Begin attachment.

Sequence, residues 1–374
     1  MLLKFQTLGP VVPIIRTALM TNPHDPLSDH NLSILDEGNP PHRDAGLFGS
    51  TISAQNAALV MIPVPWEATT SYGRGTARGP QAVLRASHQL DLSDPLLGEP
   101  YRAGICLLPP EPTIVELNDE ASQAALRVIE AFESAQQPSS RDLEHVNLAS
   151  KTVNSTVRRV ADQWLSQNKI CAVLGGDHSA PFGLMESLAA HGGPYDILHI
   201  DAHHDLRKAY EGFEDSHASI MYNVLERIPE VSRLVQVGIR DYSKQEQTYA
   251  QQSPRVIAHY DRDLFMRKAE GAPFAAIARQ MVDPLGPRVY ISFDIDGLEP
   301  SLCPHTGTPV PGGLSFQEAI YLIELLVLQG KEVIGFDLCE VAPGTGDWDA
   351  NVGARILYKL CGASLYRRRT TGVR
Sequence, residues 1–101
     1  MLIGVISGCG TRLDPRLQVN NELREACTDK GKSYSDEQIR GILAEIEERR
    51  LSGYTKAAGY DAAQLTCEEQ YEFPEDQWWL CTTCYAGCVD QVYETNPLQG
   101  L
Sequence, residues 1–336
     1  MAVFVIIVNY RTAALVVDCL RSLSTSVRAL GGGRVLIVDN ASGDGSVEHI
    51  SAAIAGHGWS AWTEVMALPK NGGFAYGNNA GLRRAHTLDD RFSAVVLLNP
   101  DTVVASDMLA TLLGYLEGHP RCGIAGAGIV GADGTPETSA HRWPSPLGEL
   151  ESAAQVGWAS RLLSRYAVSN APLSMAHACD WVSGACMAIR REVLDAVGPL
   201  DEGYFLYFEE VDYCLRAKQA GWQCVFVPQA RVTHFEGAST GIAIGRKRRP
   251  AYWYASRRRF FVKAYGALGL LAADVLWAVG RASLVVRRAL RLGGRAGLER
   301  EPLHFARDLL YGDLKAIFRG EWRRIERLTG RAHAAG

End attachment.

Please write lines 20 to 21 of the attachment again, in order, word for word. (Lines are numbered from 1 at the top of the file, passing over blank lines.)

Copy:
   251  AYWYASRRRF FVKAYGALGL LAADVLWAVG RASLVVRRAL RLGGRAGLER
   301  EPLHFARDLL YGDLKAIFRG EWRRIERLTG RAHAAG